Objectives: Little is known about the epidemiology of human papillomavirus (HPV) in Italy before the age of 25. At the European Institute of Oncology, a prospective observational study on cervical HPV infection in 18-year-old women undergoing quadrivalent HPV vaccination is ongoing.
Methods: At the first visit before vaccination, all the young women answered an epidemiological questionnaire, and then, the presence of high-risk HPV (hrHPV) was tested. Samples positive for hrHPV were genotyped. Liquid-based cytology was done only to women declaring not to be virgins. Any positivity at cytology or HPV testing was completed with colposcopy and eventually biopsies.
Results: Seven hundred and thirty women were enrolled. Two hundred sixty-six women were virgins; 7 (2.6%) of these resulted positive to hrHPV: 1 had HPV16 and CP6108, whereas the other 6 resulted negative at genotyping. Of the 464 nonvirgins, 61 (13.1%) were HPV positive: 19 had HPV16, 4 were positive to HPV18 with other hrHPVs, 25 to other hrHPVs, 7 to low-risk HPV, whereas 13 resulted negative at genotyping. HPV positivity was significantly associated to both smoking and having more than 3 partners. Cervical cytology was negative in 433 cases (93.3%), ASC-US in 10 cases (2.2%), low-grade squamous intraepithelial lesion in 20 cases (4.3%), and ASC-H in 1 case (0.2%). No CIN2+ was identified.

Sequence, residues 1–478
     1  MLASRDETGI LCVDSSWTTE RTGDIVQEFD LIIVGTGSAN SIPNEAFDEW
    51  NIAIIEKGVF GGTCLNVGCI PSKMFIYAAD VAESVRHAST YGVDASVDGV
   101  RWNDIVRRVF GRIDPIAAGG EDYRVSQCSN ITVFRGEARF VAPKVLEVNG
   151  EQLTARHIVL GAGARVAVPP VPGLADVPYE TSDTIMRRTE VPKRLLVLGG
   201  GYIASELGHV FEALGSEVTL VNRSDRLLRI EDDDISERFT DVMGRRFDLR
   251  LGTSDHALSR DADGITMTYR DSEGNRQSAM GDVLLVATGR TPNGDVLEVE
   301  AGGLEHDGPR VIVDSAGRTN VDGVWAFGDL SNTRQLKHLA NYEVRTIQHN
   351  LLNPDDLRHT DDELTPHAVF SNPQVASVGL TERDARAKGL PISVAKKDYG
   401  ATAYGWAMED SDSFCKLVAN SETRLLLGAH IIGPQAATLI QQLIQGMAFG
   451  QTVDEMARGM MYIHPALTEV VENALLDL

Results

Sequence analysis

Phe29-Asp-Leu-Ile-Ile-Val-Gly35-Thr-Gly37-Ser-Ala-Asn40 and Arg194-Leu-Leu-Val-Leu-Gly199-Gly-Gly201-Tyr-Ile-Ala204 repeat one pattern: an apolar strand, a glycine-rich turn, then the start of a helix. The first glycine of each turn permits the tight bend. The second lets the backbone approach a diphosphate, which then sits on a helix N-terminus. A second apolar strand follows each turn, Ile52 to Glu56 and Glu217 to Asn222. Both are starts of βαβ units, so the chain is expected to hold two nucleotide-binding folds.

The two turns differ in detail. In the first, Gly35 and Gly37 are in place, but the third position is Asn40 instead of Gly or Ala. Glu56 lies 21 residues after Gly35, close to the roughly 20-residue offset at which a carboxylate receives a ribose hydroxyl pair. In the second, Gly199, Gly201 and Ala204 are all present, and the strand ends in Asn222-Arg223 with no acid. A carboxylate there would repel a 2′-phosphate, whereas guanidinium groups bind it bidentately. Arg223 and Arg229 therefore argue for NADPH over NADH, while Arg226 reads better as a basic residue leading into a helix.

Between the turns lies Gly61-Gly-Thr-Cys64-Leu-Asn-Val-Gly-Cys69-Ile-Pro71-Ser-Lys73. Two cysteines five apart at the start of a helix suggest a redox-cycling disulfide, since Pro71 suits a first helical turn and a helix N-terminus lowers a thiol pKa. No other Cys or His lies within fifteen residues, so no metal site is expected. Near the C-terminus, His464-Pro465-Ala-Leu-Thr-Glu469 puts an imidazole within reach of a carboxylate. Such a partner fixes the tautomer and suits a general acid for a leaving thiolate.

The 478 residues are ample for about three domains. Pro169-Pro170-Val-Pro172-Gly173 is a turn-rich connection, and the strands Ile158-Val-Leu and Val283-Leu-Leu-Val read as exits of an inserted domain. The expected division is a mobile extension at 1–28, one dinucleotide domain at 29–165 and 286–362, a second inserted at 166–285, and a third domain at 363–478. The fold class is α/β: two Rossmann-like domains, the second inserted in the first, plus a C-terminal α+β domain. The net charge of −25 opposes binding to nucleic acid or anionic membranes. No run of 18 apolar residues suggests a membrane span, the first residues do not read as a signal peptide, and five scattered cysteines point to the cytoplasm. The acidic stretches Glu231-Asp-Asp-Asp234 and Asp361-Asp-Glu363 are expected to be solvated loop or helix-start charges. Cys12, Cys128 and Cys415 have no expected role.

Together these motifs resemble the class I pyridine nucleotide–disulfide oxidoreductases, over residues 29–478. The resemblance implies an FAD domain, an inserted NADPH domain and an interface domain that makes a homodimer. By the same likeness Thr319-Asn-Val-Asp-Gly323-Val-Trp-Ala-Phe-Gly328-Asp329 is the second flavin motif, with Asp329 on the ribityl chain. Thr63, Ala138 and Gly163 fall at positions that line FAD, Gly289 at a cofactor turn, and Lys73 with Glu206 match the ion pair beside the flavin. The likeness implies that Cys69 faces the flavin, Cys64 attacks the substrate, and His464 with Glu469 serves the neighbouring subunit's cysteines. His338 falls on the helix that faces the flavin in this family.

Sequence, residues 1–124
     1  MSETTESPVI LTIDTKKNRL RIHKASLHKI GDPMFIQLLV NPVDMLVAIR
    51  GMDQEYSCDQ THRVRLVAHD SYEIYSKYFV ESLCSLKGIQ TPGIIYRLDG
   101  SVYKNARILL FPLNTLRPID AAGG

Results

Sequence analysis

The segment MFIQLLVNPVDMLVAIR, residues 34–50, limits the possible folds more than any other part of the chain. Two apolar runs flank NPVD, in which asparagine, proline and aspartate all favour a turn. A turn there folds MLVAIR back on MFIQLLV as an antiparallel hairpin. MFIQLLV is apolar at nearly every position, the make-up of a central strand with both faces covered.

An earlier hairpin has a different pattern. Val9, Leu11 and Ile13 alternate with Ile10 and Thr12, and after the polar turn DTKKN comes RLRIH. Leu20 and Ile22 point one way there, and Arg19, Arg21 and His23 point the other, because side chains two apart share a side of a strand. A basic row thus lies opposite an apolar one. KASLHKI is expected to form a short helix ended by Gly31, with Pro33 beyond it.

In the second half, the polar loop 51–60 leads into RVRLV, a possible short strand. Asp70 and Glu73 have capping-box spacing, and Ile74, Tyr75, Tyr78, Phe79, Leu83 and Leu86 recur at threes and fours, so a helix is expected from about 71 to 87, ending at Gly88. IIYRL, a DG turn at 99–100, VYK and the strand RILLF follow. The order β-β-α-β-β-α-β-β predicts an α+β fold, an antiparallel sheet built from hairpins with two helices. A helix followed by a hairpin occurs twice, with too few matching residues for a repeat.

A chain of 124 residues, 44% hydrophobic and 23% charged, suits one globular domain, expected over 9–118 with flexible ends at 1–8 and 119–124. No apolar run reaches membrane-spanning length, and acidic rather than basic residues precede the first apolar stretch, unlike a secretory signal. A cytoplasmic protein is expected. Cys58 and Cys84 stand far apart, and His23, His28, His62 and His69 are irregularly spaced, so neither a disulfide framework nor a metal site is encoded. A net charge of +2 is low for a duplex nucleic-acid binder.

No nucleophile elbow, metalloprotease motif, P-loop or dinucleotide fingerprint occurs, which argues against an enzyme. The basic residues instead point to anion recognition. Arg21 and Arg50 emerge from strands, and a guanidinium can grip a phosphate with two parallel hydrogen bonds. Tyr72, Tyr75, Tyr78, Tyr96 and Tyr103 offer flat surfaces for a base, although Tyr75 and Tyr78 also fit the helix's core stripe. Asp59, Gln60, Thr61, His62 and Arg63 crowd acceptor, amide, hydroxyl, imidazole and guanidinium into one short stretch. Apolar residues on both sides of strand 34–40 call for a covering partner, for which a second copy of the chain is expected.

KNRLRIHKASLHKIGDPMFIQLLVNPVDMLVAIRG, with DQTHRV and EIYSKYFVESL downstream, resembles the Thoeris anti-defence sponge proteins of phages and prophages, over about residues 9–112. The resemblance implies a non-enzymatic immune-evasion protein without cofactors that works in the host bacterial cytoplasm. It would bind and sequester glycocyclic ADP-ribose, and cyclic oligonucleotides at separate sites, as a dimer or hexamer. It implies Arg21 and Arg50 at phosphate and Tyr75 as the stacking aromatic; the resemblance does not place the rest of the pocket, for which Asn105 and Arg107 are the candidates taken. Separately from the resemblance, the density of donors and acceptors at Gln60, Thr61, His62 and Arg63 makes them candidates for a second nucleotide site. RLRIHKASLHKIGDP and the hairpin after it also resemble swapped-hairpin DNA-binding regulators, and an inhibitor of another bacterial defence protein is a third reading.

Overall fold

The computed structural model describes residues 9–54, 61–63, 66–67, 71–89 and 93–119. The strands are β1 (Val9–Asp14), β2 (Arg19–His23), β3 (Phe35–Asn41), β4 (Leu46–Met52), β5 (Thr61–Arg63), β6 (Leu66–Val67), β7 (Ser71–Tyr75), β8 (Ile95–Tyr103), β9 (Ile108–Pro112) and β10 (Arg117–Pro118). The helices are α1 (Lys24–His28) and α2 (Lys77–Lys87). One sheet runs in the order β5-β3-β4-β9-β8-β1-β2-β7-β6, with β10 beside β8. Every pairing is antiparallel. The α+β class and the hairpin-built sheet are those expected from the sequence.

Conclusions: Overall, we found a low positivity to HPV in this population; however, the rate of HPV positivity was significantly related to smoking and sexual life. The cytology result low-grade squamous intraepithelial lesion was more frequent than in the screening population, whereas no CIN2+ was identified, confirming the indication to avoid screening at this age.
Low positivity rate of human papillomavirus (HPV) infection in 18-year-old women represents a target for catch-up programs, improving HPV vaccine coverage and encouraging healthy behaviors and HPV vaccination.
1Preventive Gynaecology Unit, 2Laboratory Medicine Unit, and 3Diagnostic Cytology Unit, European Institute of Oncology, Milan, Italy
Reprint requests to: Sarah Igidbashian, MD, Preventive Gynaecology Unit, European Institute of Oncology, via Ripamonti 435, 20141 Milano, Italy. E-mail: firstname.lastname@example.org
Conflict of interest statement: M.S. was consultant for Qiagen, Sanofi Pasteur, GSK, Roche Diagnostics, MTM, Innogenetics. The other authors have nothing to disclose.
IRB Status: This study was approved by the IEO ethics committee.